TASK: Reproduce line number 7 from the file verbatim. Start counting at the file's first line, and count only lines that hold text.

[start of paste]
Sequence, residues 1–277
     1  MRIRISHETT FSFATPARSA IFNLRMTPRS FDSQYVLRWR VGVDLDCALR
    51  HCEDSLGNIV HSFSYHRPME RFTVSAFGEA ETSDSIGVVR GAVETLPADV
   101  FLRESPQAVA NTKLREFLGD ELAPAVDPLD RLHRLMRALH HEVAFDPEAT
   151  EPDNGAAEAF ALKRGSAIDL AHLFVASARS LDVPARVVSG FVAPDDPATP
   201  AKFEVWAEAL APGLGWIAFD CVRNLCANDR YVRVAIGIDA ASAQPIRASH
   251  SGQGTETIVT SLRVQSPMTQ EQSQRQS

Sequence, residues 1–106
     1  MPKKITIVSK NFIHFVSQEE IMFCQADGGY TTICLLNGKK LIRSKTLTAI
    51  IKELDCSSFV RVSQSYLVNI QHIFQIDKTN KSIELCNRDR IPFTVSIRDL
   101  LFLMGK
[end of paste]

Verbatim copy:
   251  SGQGTETIVT SLRVQSPMTQ EQSQRQS